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Highlands Ranch High School - Mr. Sedivy
Highlands Ranch, Colorado

Voices From The Middle Ages
Medieval Poetry & Prose

Canterbury Tales
Geoffrey Chaucer, 14th Century
Canterbury Tales
Detail from an early illustration from The Caterbury Tales

Vintner's son, veteran of French campaigns, diplomat, civil servant, member of Parliament-- Chaucer knew all levels of English society and portrayed them with earthy humor and vigor. The tales are told by pilgrims bound for Becket's shrine. We meet the friar, "a very festive man":

A friar there was, a wanton and a merry...
He heard confession gently, it was said,
Gently absolved too, leaving naught of dread.
He was an easy man to give penance
When knowing he should gain a good pittance...
His tippet was stuck always full of knives
And pins, to give to young and pleasing wives.
And certainly he kept a merry note:
Well could he sing and play upon the rote.
At balladry he bore the prize away.
His throat was white as lily of the May;
Yet strong he was as ever champion.
In towns he knew the taverns, every one,
And every good host and each barmaid too
Better than begging lepers, these he knew...
He lisped a little, out of wantonness,
To make his English soft upon his tongue;
And in his harping, after he had sung,
His two eyes twinkled in his head as bright
As do the stars within the frosty night.

The Ballad of Dead Ladies
Francois Villion, 15th Century

Born the year Joan of Arc was burned at the stake, Villon studied at the University of Paris--then turned to a life of crime, haunting alleys, taverns, brothels. He wrote of the degradation of life and the cruelty of death, themes appropriate to his time, when chivalry itself was dying:

Tell me where, in what country,
Is Flora the beautiful Roman,
Archipiada or Thais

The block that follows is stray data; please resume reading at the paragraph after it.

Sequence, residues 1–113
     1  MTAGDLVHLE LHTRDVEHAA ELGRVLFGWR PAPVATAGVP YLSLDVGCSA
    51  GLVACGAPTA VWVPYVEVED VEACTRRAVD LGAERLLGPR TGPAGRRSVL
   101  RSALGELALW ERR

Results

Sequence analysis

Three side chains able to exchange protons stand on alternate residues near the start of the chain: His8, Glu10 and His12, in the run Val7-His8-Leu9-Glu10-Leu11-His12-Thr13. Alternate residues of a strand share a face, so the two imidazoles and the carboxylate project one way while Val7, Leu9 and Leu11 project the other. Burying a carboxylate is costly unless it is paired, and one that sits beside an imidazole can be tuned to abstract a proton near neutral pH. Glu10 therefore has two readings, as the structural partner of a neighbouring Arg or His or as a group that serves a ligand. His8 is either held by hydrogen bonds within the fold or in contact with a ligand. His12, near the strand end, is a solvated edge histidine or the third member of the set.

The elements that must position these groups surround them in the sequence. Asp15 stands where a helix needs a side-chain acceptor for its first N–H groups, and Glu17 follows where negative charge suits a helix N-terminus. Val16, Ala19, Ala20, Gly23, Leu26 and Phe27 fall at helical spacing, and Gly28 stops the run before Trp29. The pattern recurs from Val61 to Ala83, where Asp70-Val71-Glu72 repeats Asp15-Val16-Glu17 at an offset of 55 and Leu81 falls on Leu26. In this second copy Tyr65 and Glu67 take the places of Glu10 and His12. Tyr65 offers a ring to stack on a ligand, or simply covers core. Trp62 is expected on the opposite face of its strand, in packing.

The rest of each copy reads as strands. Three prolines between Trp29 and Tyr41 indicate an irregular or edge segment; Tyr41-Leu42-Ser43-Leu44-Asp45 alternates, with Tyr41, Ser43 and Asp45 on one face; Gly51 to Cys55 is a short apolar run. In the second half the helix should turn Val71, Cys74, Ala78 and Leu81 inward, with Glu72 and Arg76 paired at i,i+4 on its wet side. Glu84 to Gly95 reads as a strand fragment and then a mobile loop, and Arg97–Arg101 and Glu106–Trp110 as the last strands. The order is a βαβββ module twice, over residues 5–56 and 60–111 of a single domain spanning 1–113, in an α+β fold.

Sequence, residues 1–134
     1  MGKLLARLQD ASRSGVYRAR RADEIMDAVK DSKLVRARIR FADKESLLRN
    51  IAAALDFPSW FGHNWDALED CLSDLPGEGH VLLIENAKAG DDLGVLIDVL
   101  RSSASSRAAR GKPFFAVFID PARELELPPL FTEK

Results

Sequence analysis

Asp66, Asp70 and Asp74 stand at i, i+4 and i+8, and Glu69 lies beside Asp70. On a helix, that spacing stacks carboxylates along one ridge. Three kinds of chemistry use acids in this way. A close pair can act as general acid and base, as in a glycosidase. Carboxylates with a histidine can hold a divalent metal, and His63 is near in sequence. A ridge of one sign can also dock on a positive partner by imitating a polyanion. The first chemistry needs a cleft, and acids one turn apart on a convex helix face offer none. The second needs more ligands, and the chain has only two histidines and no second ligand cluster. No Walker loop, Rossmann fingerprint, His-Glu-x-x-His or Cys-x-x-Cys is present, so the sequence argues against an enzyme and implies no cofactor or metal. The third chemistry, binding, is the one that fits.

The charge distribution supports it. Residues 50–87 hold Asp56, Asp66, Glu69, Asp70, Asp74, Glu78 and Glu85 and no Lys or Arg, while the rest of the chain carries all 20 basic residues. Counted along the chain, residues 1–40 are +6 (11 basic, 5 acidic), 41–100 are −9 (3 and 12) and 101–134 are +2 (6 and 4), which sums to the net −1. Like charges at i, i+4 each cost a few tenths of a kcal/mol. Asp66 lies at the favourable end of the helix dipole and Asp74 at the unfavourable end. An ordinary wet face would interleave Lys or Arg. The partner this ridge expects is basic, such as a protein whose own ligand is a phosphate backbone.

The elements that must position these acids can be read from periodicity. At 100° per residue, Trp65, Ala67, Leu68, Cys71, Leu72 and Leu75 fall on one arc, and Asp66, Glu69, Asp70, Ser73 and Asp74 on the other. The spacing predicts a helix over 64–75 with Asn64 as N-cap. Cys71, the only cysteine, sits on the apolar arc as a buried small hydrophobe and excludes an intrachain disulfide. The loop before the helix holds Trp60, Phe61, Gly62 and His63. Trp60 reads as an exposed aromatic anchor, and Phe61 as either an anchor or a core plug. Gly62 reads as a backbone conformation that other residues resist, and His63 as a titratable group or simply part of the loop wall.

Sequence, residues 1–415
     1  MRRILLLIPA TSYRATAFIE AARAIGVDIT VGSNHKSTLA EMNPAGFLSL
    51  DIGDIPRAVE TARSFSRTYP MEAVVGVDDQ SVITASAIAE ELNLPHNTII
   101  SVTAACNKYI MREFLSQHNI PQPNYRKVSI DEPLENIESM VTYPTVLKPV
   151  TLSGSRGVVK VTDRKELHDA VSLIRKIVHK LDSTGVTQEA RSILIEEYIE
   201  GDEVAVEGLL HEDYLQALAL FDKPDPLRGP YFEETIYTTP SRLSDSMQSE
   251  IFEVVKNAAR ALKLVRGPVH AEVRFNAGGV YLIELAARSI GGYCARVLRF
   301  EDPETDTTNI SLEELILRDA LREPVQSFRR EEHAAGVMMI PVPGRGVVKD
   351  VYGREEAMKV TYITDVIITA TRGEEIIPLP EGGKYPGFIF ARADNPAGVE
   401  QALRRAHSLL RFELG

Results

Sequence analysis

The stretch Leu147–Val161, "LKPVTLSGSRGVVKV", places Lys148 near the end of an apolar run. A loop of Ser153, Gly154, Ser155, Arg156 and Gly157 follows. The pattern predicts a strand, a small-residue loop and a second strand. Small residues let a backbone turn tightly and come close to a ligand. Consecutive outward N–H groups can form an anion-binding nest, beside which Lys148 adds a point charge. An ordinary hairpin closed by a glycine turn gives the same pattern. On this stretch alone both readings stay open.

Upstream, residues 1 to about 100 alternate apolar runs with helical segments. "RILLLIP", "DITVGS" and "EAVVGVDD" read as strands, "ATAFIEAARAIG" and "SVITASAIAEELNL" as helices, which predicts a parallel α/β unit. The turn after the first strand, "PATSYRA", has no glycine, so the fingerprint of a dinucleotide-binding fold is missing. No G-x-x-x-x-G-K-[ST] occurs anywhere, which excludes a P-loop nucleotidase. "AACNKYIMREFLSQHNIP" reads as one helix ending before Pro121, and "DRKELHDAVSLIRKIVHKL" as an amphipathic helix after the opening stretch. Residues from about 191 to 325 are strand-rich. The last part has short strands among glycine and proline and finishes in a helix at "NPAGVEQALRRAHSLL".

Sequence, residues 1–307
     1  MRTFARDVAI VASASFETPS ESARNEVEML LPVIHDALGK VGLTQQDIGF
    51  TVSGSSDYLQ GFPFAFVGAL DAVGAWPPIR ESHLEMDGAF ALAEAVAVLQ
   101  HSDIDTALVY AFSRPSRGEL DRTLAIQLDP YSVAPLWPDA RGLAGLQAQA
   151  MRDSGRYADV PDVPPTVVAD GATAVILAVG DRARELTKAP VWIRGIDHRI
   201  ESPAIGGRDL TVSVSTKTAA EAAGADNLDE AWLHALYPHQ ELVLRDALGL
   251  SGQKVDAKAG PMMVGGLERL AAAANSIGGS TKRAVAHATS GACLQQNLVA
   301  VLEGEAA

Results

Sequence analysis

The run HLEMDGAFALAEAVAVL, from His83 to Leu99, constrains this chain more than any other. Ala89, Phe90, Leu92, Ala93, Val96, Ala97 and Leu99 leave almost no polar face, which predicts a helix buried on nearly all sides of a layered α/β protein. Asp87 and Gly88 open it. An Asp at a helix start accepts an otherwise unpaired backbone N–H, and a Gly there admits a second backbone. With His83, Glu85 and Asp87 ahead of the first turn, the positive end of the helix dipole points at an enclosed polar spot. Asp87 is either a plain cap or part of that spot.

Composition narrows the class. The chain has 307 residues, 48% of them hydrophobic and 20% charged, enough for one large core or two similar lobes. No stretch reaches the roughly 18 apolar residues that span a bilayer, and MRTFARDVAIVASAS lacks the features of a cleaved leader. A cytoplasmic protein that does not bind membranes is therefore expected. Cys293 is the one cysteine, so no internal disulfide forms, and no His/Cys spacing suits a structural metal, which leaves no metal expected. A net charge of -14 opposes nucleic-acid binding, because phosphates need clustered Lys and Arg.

Who was first cousin to her once,
Echo who speaks when there's a sound
On a pond or a river
Whose beauty was more than human?
But where are the snows of yesteryear?
Where is the leamed Heloise
For whom they castrated Pierre Abelard
And made him a monk at Saint-Denis,
For his love he took this pain,
Likewise where is the queen
Who commanded that Buridan
Be thrown in a sack into the Seine?
But where are the snows of yesteryear?
The queen white as a lily
Who sang with a siren's voice,
Big-footed Bertha, Beatrice, Alice,
Haremburgis who held Maine
And Jeanne the good maid of Lorraine
Whom the English bumt at Rouen, where,
Where are they, sovereign Virgin?
But where are the snows of yesteryear?


Romance of the Rose
William of Lorris, John of Meun
13th Century

Twenty thousand lines, a work spanning forty years, the Romance enjoyed immense popularity. In the First part William devised an allegory of courtly love peopled by Mirth, Fair-Welcome, Danger, and such. In the second part the bourgeois, sometimes cynical John often digresses to display his encyclopedic mind or to offer advice:

Woman should gather roses ere
Time's ceaseless foot o'ertaketh her,
For if too long she make delay,
Her chance of love may pass away,
And well it is she seek it while
Health, strength, and youth around her smile.
To pluck the fruits of love in youth
Is each wise woman's rule forsooth,
For when age creepeth o'er us, hence
Co also the sweet joys of sense,
And ill doth she her days employ
Who lets life pass without love's joy.
And if my counsel she.despise,
Not knowing how 'tis just and wise,
Too late, alas! will she repent